Kosovo is a part of the region on the south-west of Serbia, called Kosovo and Metohia, which was an autonomous region of Serbia from 1945 to 1989, designated by the postwar Serbian state-republic by KosMet, as the short name for Kosovo and Metohia. The very name Kosovo is a short name of Kosovo Polje, meaning in Serb language Field of blackbirds (kðs – blackbird in the Serb language).[1] To avoid confusion we adopt the standard rule for the terms we are going to use here and in the following: Serb(s) will designate the ethnicity and adverb Serb too, like Serb language. Serbians will mean citizens of Serbia (regardless of their ethnicity), and adverb Serbian also, like Serbian state etc. Albanians will designate ethnicity (regardless of their citizenship), and Albanian the adverb, like Albanian language. Ethnic Albanians who are citizens of Serbia will be designated by Shqiptars (Shqiptare, “sons of eagles”),[2] as they call themselves and were called in Yugoslavia until recently. Another interpretation of the term has been as stemming from shqipoj, “one who understands. This interpretation appears in accordance with similar case of Slav – “one who speaks (slovi)”, as different from Nemac (German), “one who is mute (nem)”.  We must mention, however, that most Serbian Albanians consider now the term pejorative, if used by Serbs, for historical reasons.[3] The principal reason is that many designations of the present-day Albanians throughout the history were, to many Balkan people eponymous to wild people, including Turks. In particular, the name Arnaut, widely used during the Turkish occupation of the Balkans, was synonymous to robber, highwayman, belligerent savage etc.[4] The name Shqiptar was in many respect similarly used by Slavic population. Modern equivalent to Shqiptar in our usage, Kosovo ethnic Albanians, is Kosovars, used by Albanians and some foreigners alike. The term appears misleading, however, for it implies “inhabitants of Kosovo”, what includes other ethnicities in the region, at least in Slavic ears. It is with regret that we will have to use this term, nevertheless, for the technical clarity and economy, without any pejorative overtones implied. We just mention that Shqiperia is the internal official name of the present-day Albania. Likewise, Metohia is a corrupt of Greek μετóχι, which designates a dependency of a monastery, usually allotted by the local ruler or the king. The name refers to the monasteries complex of the southwestern part of the region, bordering the Albania, which is crowded by the medieval Serbian monasteries. The same region is called by Albanians Dukagjin, Land of Duke.[5] We mention here that it designates generally a border region, which used to be under the military rule of a duke. The northern Serbian region, which was an autonomous province in the same period as KosMet was (1945−1989) is called Vojvodina (the land of duke), for the same reason, since it was situated between the Habsburg Monarchy (Austria-Hungary from 1867) and the Ottoman Empire for centuries and big part of it was under the military rule as such. (We emphasize here that kos is a purely Serb name, as duka is corrupted Italian one).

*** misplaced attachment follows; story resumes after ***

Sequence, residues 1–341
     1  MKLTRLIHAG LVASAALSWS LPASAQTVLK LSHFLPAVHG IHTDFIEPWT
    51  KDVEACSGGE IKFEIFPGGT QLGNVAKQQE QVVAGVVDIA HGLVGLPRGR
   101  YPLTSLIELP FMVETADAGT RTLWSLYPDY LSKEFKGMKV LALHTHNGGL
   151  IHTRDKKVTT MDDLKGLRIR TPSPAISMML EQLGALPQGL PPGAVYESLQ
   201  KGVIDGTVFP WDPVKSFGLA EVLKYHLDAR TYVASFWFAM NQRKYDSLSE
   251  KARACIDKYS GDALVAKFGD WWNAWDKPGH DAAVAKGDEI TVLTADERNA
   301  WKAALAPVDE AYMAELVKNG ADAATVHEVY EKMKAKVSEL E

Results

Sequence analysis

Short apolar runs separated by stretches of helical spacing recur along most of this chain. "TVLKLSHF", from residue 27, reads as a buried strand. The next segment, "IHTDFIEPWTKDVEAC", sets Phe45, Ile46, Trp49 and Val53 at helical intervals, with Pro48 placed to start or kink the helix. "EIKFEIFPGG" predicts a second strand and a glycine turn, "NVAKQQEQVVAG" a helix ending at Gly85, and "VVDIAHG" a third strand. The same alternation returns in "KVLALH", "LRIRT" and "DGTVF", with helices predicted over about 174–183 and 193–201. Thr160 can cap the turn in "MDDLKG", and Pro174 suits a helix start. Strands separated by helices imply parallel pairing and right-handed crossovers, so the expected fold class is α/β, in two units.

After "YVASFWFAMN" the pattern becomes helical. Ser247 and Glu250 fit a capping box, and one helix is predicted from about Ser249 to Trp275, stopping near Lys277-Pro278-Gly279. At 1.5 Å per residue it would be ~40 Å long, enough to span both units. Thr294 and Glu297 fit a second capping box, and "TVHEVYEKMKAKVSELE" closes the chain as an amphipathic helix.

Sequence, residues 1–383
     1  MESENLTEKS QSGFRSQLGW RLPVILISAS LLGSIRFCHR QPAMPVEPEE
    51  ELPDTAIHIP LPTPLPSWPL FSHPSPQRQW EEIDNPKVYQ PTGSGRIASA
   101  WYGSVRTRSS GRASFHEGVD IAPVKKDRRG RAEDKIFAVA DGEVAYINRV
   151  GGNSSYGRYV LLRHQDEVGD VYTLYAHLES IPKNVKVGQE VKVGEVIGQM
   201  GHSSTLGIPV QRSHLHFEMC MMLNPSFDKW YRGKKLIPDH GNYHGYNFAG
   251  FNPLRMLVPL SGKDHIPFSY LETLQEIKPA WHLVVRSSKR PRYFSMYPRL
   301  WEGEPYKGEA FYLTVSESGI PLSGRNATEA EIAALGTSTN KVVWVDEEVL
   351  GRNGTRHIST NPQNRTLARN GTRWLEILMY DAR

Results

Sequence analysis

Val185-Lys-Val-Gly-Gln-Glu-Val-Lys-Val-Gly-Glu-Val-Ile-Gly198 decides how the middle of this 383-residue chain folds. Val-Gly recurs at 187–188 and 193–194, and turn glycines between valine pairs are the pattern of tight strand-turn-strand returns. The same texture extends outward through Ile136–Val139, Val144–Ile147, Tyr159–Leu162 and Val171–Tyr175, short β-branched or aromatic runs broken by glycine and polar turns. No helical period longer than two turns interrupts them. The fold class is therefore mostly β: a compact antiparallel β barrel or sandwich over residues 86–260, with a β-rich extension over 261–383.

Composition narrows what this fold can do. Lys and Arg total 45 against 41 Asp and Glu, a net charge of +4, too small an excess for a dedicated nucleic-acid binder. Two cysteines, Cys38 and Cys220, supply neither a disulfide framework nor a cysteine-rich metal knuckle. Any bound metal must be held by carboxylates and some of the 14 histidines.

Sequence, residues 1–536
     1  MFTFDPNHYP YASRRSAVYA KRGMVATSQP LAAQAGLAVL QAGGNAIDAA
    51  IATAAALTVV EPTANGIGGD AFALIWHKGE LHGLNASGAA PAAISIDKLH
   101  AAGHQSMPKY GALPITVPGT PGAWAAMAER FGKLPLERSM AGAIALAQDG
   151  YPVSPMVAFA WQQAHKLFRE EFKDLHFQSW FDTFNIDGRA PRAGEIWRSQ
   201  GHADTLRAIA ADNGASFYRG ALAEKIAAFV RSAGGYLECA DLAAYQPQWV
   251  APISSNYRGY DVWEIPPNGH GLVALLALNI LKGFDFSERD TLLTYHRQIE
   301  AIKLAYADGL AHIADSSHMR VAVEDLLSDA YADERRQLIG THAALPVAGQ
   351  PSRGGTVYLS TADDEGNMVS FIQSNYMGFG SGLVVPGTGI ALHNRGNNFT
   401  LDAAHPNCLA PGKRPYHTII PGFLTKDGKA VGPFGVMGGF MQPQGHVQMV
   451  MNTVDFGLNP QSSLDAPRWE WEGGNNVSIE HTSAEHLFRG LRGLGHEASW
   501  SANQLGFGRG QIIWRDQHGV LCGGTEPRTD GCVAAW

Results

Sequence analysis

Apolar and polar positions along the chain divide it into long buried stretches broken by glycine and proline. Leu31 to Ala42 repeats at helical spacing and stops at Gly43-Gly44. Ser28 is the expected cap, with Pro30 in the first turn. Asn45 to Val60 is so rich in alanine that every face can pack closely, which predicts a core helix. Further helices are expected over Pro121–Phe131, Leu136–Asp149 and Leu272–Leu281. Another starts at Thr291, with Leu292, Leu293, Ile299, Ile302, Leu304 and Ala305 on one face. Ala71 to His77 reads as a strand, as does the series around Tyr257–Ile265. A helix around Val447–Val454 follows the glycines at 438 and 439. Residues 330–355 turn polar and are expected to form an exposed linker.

It must be stressed here that these details are not merely of linguistic nature, but bear a heavy weight when dealing with the essence of the issue, as we shall elaborate later on. Toponyms appear the most reliable identification of a region and at the same time evidence of the fact as to whom the region belongs. We shall devote some more space to this point here.